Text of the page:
A sex-trafficking survivor, who had been forced into prostitution at a Dothan hotel, has filed a lawsuit in Houston County Circuit Court against several Defendants she claims profited from her abduction. The Defendants include the convicted perpetrator, Santiago Alonso; classified advertising website Backpage.com, and its byzantine ownership group; and Choice Hotels, parent company of the Quality Inn where the victim was held against her will. The Dothan hotel’s franchise owner, Veda, LLC, is also among the Defendants in the complaint.
The Defendants, according to the complaint, “conspired, enabled and/or otherwise worked together in a sex trafficking venture in which [the survivor] was victimized when she was just 17 years old.” The now-20-year-old survivor, identified by the initials, “K.R.,” wants to “shed light on the horrors of sex trafficking in the U.S. and how it is happening in cities all across our nation,” according to her lawyer, Greg Zarzaur of the Birmingham firm Zarzaur, Mujumdar & DeBrosse. Greg stated:
Vulnerable people are taken advantage of, and entities either knew or should have known. But rather than acting on it, they financially benefited from it. Our civil justice system exists to hold those entities accountable for the wrong done.
In 2014, Alonso was found guilty of first-degree human trafficking and felony distribution of drugs to a minor in a Houston County court. The victim, a runaway from Meridian, Mississippi, was kidnapped in Hattiesburg and taken to Memphis before Dothan, where, it was revealed during the trial, she was forced to take drugs and become a prostitute. The teenager ultimately escaped from the hotel and walked eight miles before finding someone who alerted police. Evidence gathered against Alonso included images on his cellphone of ads placed on Backpage.com to prostitute the victim.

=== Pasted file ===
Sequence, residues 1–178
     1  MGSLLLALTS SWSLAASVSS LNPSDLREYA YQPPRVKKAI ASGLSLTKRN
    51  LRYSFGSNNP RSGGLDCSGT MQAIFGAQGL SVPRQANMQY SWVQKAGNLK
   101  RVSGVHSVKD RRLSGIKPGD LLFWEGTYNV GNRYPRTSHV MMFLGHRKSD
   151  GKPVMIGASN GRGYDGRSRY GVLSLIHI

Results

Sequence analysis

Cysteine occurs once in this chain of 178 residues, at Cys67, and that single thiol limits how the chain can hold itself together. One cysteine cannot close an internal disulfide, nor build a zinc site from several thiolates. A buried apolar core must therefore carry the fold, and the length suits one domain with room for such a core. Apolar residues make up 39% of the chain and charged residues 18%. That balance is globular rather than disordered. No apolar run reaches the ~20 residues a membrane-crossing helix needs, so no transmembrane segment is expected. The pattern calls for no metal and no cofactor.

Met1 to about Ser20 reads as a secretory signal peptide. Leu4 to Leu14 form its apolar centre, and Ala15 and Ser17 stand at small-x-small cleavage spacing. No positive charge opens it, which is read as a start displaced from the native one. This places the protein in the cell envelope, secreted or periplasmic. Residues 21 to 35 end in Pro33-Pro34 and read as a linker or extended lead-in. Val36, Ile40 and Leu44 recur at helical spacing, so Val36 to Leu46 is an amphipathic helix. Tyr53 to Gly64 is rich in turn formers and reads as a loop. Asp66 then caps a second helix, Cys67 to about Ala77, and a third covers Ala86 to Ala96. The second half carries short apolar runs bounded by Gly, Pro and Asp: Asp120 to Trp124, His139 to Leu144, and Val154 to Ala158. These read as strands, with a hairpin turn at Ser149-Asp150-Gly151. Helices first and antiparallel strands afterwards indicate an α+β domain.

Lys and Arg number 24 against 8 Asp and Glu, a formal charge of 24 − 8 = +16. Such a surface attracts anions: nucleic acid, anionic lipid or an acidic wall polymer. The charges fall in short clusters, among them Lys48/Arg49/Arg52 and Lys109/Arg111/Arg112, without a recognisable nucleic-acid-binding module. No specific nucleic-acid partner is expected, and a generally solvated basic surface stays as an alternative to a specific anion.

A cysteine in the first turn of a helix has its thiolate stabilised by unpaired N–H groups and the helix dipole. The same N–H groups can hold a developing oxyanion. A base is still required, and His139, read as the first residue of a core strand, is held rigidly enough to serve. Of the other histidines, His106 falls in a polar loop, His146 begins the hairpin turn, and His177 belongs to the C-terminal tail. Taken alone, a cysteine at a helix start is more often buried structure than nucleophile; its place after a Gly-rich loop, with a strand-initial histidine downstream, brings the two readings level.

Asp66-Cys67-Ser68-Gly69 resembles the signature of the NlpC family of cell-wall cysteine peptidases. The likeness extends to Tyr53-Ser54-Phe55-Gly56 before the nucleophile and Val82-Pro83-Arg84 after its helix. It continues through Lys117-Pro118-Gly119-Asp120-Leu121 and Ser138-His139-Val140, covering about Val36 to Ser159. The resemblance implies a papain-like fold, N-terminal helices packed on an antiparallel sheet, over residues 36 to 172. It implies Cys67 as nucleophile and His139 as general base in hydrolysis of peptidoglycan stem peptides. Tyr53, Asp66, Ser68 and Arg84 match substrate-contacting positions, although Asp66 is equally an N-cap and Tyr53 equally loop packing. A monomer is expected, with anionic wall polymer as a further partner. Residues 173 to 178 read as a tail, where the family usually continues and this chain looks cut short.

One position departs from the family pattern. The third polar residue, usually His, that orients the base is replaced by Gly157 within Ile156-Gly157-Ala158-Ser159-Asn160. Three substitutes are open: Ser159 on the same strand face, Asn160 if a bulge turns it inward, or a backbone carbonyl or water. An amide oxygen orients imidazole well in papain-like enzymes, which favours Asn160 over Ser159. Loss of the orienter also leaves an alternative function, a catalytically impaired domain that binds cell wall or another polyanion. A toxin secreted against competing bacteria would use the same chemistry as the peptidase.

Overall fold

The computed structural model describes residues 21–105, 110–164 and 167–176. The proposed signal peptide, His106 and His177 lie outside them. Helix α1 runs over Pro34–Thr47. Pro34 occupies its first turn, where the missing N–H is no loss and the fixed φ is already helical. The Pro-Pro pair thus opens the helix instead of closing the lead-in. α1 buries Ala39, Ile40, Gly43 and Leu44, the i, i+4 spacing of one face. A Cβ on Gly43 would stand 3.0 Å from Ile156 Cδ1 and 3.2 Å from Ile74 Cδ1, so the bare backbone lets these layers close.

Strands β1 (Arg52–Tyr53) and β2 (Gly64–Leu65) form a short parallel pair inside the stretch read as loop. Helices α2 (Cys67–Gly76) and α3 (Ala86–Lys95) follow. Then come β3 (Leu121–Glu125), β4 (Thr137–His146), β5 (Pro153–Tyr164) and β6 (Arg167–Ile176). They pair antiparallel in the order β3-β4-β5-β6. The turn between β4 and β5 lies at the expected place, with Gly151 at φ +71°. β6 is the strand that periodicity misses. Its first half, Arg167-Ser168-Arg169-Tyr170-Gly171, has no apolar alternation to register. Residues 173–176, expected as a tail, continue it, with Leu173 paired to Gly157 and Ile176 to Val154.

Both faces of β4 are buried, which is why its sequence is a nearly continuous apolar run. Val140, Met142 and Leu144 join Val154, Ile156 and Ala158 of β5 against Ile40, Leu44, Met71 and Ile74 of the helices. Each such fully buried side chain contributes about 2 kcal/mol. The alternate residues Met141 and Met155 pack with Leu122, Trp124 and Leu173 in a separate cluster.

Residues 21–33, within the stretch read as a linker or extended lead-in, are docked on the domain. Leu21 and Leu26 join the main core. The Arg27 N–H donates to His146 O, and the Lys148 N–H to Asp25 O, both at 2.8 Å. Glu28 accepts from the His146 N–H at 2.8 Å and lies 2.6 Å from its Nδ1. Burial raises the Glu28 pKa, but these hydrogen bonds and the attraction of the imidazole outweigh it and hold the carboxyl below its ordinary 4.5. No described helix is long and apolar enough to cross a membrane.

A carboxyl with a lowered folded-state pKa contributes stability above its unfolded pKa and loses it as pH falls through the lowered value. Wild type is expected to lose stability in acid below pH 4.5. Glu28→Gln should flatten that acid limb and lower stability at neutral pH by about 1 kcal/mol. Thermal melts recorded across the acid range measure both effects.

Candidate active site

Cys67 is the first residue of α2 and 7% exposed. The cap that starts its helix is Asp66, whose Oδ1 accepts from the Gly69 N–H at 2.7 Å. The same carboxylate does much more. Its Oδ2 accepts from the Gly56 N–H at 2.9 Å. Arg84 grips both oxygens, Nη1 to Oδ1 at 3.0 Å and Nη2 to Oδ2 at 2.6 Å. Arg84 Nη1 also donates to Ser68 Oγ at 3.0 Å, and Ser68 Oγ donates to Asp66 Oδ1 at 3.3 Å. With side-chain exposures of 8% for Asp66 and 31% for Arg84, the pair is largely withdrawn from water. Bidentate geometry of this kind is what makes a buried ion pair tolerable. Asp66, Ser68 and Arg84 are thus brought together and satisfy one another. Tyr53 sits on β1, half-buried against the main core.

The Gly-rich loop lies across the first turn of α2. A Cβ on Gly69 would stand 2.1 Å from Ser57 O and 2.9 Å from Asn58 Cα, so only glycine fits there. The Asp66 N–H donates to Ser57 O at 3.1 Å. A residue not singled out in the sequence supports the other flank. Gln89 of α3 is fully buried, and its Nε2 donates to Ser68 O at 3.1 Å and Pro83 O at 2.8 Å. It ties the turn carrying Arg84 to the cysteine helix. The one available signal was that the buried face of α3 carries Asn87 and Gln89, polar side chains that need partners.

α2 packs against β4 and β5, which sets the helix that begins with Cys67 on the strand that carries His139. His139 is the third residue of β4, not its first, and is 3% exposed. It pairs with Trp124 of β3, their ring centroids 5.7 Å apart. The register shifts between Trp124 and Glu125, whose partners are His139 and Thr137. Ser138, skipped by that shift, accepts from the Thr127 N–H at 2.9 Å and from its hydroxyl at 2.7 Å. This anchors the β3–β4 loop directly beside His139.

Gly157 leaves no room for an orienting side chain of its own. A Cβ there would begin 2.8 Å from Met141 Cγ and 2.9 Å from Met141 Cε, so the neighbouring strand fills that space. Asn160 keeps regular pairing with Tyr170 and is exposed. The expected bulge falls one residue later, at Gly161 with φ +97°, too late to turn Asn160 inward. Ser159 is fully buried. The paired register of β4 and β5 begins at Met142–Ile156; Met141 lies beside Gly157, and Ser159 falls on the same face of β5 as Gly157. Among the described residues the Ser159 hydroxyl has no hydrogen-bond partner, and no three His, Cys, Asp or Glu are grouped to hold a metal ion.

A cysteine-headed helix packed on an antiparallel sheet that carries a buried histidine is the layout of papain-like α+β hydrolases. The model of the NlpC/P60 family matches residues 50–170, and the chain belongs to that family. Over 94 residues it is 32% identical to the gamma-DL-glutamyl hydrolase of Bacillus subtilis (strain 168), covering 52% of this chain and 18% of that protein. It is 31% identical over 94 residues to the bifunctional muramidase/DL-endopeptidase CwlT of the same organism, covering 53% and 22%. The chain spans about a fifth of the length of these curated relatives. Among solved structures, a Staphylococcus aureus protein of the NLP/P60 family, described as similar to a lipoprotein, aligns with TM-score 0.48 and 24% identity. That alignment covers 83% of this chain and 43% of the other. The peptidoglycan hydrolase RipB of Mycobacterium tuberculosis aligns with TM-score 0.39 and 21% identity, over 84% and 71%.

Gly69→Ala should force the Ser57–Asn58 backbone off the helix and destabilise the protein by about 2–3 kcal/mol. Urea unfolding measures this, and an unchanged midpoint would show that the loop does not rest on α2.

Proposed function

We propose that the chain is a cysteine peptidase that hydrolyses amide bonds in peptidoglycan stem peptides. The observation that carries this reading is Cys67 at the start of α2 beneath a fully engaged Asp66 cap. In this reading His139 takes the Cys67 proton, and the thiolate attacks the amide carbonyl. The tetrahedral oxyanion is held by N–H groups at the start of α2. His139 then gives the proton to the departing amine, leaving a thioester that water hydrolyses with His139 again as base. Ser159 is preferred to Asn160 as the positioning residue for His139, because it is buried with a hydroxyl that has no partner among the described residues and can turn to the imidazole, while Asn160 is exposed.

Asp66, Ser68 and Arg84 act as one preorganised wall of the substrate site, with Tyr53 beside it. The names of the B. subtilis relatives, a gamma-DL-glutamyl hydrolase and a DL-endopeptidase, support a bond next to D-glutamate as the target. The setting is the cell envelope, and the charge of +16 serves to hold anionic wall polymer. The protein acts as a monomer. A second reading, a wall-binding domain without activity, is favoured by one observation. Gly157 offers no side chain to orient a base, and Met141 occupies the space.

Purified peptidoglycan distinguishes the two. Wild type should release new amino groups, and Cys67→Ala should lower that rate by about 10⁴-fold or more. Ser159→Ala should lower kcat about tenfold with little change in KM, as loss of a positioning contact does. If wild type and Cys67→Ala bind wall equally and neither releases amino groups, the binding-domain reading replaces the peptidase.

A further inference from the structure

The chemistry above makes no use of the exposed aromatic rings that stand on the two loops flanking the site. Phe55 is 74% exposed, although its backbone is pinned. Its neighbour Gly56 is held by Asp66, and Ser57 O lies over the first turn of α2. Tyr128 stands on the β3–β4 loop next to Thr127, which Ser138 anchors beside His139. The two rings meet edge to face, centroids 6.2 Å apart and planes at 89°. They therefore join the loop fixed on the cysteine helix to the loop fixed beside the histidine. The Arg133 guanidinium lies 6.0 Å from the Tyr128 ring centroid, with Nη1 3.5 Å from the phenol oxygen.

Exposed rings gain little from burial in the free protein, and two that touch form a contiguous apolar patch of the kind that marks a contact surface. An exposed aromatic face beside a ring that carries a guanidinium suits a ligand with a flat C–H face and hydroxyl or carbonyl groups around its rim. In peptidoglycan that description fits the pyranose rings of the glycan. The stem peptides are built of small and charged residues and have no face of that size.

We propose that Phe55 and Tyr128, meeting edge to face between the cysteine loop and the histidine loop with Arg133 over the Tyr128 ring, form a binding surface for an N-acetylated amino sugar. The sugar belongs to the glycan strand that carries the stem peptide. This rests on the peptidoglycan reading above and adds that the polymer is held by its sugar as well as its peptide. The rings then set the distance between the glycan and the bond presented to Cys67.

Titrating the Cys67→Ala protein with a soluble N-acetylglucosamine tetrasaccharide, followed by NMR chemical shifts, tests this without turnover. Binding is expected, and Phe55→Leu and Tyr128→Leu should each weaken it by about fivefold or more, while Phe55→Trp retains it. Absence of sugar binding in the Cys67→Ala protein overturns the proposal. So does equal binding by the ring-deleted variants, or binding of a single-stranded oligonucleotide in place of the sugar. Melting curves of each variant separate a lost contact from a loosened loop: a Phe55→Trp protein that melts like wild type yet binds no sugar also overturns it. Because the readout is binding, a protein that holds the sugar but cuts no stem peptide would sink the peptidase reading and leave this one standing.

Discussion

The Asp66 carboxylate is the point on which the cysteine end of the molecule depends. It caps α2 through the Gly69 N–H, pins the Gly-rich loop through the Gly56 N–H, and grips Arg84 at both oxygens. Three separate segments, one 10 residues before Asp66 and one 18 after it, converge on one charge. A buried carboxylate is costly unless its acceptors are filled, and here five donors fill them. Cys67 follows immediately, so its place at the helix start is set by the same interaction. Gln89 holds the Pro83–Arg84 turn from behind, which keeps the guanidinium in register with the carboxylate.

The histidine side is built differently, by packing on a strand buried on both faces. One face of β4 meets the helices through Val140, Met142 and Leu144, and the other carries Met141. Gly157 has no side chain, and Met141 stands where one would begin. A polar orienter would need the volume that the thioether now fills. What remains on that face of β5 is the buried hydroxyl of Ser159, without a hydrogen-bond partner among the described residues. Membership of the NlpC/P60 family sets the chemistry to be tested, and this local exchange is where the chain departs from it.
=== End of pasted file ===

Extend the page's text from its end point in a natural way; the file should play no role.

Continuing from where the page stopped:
Backpage.com, a leading global digital marketplace for commercial sex, has been sued numerous times for alleged child sex trafficking violations, but the entity long claimed it was only a host of others’ content and was thus immune from liability under the Communications Decency Act (CDA). However, the Supreme Court in Washington state has ruled that a 2012 suit against Backpage.com by three Washington teenaged girls who were allegedly trafficked on the site could proceed, in what turned out to be a preliminary blow against the site.
In early January, the U.S. Senate’s Permanent Committee on Investigations released findings from its nearly two-year investigation into Backpage.com. It found that the site “knows it facilitates prostitution and child sex trafficking” and “knowingly concealed evidence of criminality by systematically editing its ‘adult’ ads…to conceal the true nature of the underlying transaction.”